For Students

Welcome students! Do you need to learn the basics of “Chicago Style” for writing and formatting research papers? This post serves as an introduction and includes paper-formatting tip sheets, frequently asked questions, and 26 topic sheets for teachers to use in the classroom.

Kate L. Turabian’s A Manual for Writers of Research Papers, Theses, and Dissertations is the student version of The Chicago Manual of Style, aimed at college and graduate students who are writing papers, theses, and dissertations that are not intended for publication. (The Chicago Manual of Style is aimed at professional scholars and publishers.) Turabian’s book for beginning writers, the Student’s Guide to Writing College Papers, is written with high school and undergraduate students in mind. All three books are compatible, and all are official “Chicago Style.”

Paper-Formatting Tip Sheets

  1. How Do I Format Margins and Page Numbers?
  2. How Do I Format a Title Page?
  3. How Do I Format a Contents Page?
  4. How Do I Format a List of Figures?
  5. How Do I Format an Introduction or Conclusion?
  6. How Do I Format the Main Text?
  7. How Do I Format Sections and Subheads?
  8. How Do I Format a Chapter Opening Page?
  9. How Do I Format a Figure and Figure Caption?
  10. How Do I Format a Bibliography?
  11. How Do I Format Endnotes?
  12. How Do I Format Footnotes?
  13. How Do I Format Parenthetical Author-Date Citations?
  14. How Do I Format a Reference List?

Chicago Style Basics

Crash Course in Citations

If you need to write a note or bibliography citation for books, articles, and other common sources, you can find examples to follow here.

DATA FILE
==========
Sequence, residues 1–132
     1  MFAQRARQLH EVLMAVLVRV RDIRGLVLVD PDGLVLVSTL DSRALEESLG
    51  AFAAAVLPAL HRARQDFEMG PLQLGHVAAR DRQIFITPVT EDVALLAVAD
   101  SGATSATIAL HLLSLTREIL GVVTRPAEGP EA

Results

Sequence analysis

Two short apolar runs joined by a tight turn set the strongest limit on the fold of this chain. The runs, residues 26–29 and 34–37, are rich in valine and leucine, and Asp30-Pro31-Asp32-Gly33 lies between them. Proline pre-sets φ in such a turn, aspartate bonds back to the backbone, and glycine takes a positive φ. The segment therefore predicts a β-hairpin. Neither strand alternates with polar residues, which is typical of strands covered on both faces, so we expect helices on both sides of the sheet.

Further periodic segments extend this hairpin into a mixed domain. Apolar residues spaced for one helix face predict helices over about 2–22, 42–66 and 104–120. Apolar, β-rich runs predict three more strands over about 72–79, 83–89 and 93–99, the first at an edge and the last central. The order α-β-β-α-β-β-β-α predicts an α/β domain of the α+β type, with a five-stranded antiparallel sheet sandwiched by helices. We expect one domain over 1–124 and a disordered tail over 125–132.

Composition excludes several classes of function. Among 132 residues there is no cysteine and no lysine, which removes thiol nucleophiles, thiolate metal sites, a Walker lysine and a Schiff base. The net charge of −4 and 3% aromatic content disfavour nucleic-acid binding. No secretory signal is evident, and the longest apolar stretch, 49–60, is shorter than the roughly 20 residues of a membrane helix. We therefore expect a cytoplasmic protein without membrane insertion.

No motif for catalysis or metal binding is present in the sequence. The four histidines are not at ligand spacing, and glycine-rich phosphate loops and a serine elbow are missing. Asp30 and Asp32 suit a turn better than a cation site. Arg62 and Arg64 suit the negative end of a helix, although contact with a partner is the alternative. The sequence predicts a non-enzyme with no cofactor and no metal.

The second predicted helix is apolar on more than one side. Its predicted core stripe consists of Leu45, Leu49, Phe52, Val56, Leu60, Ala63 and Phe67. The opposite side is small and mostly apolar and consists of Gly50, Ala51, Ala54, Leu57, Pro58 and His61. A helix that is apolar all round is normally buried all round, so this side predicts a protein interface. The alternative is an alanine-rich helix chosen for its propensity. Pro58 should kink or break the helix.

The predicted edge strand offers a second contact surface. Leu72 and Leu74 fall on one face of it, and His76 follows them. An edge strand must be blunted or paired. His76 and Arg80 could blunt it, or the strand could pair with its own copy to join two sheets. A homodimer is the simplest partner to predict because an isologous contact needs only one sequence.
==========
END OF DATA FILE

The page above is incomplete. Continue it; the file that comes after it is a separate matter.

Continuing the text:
Quick guide to Turabian-style citations
Quick guide to Chicago-style citations

Crafting a Paper

If you are writing your first paper or trying to improve your skills, these one-page tip sheets are written with you in mind. Read the ones that interest you or download all 26 topics in one PDF.

  1. Why Research?
  2. Choosing a Topic: Research Questions
  3. Core of an Argument = Claim + Reasons + Evidence
  4. Plan Your Research Around the Questions of Argument
  5. How to Plan Your Time
  6. Finding a Research Question
  7. Academic Language of Research—Assignments
  8. Academic Language of Research—How to Position Your Idea
  9. Tell and Retell Your Elevator Story
  10. Finding Relevant and Reliable Sources
  11. Write as You Read
  12. How Arguments Grow from Questions
  13. Academic Language of Research—Acknowledging
  14. Academic Language of Research—Responding
  15. Planning Your Draft
  16. Working Through Writer’s Block: Getting Unstuck
  17. When to Quote, Paraphrase, or Summarize
  18. Academic Language of Research—Verbs for Introducing a Quotation or Paraphrase
  19. Three Principles for Citing Sources
  20. The Dramatic Pattern of Introductions and Fairy Tales
  21. Writing an Introduction
  22. Drafting a Conclusion
  23. Writing Your Title
  24. Revising Your Draft: Shape (Organization), Introduction and Conclusion, Sentence Level
  25. Five Principles for Clear Sentences
  26. Accepting Feedback

Have a question that isn’t answered here? Send it to While we are unable to answer every question we receive, we may use it in a future blog post or in our monthly Chicago Manual of Style Q&A.

Photo: Marvin Meyer, via Unsplash.